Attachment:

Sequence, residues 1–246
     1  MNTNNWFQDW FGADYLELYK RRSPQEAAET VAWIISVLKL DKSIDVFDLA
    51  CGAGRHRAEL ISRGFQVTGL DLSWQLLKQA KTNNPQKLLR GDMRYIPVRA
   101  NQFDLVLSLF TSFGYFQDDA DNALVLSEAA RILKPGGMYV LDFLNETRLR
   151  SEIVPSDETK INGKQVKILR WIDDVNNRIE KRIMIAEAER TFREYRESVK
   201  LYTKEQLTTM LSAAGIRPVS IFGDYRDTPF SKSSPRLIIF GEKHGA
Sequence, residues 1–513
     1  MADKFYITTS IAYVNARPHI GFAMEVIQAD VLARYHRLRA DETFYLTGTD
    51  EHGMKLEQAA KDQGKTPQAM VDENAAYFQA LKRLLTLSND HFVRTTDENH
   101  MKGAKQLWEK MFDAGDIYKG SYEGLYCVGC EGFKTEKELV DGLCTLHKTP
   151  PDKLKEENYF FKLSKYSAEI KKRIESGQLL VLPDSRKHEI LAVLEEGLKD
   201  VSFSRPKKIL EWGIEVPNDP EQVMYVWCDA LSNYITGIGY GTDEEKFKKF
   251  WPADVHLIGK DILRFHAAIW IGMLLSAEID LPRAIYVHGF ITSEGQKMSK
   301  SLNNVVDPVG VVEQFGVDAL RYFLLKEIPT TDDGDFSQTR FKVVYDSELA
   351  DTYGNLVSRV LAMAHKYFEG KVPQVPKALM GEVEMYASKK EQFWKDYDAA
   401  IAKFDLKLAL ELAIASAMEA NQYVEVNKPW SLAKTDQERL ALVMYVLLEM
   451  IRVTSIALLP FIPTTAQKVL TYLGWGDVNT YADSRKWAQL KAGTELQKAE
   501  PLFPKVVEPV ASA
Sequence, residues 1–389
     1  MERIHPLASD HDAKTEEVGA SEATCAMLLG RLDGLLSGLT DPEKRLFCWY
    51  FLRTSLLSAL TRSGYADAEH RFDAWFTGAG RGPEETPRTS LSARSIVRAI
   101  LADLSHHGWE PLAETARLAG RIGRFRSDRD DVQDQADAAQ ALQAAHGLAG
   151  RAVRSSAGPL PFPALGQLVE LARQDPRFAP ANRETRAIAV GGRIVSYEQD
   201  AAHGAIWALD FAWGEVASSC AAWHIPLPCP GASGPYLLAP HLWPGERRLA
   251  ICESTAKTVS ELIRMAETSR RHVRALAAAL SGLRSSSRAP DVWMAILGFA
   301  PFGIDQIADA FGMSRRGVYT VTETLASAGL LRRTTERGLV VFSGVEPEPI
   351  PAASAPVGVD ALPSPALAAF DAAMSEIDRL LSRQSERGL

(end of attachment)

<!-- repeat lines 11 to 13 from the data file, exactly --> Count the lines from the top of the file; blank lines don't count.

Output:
   151  PDKLKEENYF FKLSKYSAEI KKRIESGQLL VLPDSRKHEI LAVLEEGLKD
   201  VSFSRPKKIL EWGIEVPNDP EQVMYVWCDA LSNYITGIGY GTDEEKFKKF
   251  WPADVHLIGK DILRFHAAIW IGMLLSAEID LPRAIYVHGF ITSEGQKMSK